I am Jewish. I have attended secular schools of the public and private variety, Modern Orthodox Jewish Day Schools, and a Pluralistic Jewish Day School. One type of school I've never attended is a Christian school.
I just started my freshman year at a Presbyterian college in North Texas. I know, cowboy vibes are very much present in that statement. Most of my readers are from big cities, like New York, Dallas and Houston. It's probably hard for my audience to picture what it's like to be a Jew in attendance at a Christian school with less than 1,300 people on campus. Well, let me paint it for you.
It's a tremendous challenge — it truly is. The total Jewish student body population is roughly 1%; a bit less than that, actually. As someone who has spent her youth studying the works of great Jewish minds (in Hebrew!) as a part of her core education, I have to say that coming here was (and is still) a great culture shock.
I was able to spot approximately three Jews on campus; and wouldn't you guess — I already knew all of them from previous Jewish organizations or schools. So, let's sum this up: no new Jews on campus that I can identify, no strong Jewish presence, and that doesn't even begin to mention the element of Christianity on campus.
My orientation at this college entailed a lot of (Christian) prayer and programs run by Christian clergy. Additionally, an optional Christian service was provided on the first Sunday I was in attendance. Most everyone here wears a cross around their necks, mentions Jesus in side conversation, and writes poetry about the Bible. Of course, there is absolutely nothing wrong with that, but the truth is, it made me feel isolated. It still makes me feel isolated.
During one of the first orientation programs we had, the leader of the program had the entire freshman class congregate in a lecture hall (yes, it really is that small). He then asked the audience to stand up if he said an identity that they could relate to. He first said "all Catholics, please stand up", and went forth naming the different sects of Christianity, each one getting a bigger cheer from the audience than the last. And before he concluded, he said "all non-Christians, please stand up" (or something along those lines). Guess who stood up in that crowded auditorium after seeing the mass amounts of Christian pride demonstrated? Me. And a handful of other people. A handful. And by a handful, I mean less than ten. I felt a sudden course of humiliation run through me, my heart beating fast and my cheeks turning red. But I kept standing, because Shema Israel Adonai Eloheinu, Adonai Echad.
That was the first time in a very long time that I was reminded of something: I am distinctly and solely Jewish. I use these two words to describe my Judaism in that moment because I was markedly Jewish and alone in that Jewishness. Yes, I know the spiel: all Jews are a community, even if separated geographically. But do you know how hard it is to be the Last Jew Standing? To look around and be alone in your identity? It's hard. It's really hard.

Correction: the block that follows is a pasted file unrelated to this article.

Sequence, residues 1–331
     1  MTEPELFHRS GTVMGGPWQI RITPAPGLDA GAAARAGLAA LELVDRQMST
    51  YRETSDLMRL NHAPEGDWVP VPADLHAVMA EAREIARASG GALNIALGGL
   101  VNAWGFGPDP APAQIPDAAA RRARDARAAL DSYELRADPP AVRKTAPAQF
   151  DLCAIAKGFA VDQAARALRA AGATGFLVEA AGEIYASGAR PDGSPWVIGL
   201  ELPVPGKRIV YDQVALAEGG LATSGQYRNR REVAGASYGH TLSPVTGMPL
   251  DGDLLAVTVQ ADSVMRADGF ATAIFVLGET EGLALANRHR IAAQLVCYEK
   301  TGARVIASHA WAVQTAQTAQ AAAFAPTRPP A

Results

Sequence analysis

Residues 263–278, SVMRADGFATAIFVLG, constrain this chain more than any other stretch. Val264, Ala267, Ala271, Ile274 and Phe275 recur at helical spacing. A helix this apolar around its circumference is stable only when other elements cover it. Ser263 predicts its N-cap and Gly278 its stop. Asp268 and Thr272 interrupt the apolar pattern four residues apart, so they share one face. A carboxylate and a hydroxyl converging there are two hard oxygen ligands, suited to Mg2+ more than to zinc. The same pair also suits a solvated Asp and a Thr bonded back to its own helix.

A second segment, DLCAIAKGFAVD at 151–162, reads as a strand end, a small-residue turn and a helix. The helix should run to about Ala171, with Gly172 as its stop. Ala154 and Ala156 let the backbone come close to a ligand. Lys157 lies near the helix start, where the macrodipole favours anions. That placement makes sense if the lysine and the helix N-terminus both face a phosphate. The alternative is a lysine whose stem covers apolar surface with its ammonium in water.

Yesterday, a girl in class publicly called my literature professor a “grammar-Nazi”, which warranted some amusement from classmates. I was reviled by this, and shocked that no one else was demonstrating the same level of outward disgust (except, maybe, my wonderful boyfriend who is an avid Jew supporter). And I remembered something: “Oh yeah, I’m shocked, because we don’t say that kind of thing in Jewish Day School, because we’re all the descendents of Holocaust survivors”. And it again, hit me. In a way more visceral than it does every day: I am distinctly and solely Jewish.
I’ve been wearing a Magen David lately, and I can’t shake the feeling of other people’s stares. As if their eyes are burning David’s shield into my chest, each point of the star sinking deeper into my skin and reminding me of David’s great struggles, his triumphs and his failures.
I actually just got off of FaceTime with a Jewish friend of mine who is going to school at NYU, and I had this horrendous pit in my stomach: jealousy. He told me that his school had over 6,000 Jews, and he even stopped in the street to hug a Jewish friend he had run into while we were talking. I felt this nostalgia for New York City; and not even that, a nostalgia for Jews. For being Jewish and not being alone. I still carry that jealousy with me, and I probably will, every day. But part of being a Jew is learning how to be a Jew in isolation. Part of being a Jew is learning how to be distinctly and solely Jewish. At least to me.
It’s hard, but there is good in being one of the few. I am trying to start a chapter of Hillel here with some Jewish friends, and maybe an Israeli Culture club with my boyfriend. I get to be a pioneer. It’s beautiful, but it’s kind of tragically beautiful, you know?
I was also selected as one of fifteen Jewish teenagers who submitted essays to the Kaplun Foundation to be a member of the Kaplun Foundation Teen Philanthropy Board: a group of Jewish teenage leaders who will congregate in Manhattan in November and will use allocated money to benefit a social justice organization of our choosing. It is a great honor to be one of the few, in this case.
My Judaism still blossoms, even when the rain does not fall; I have enough water stored in me from my years at Akiba, Yavneh, and other Jewish institutions (and friends) to last a lifetime, thank Hashem. I leave you with what I began: I am Jewish.
Shema Israel Adonai Eloheinu, Adonai Echad.
(P.S.: This is about my experiences as a Jew and is not intended to reflect any malice towards those of the Christian faith).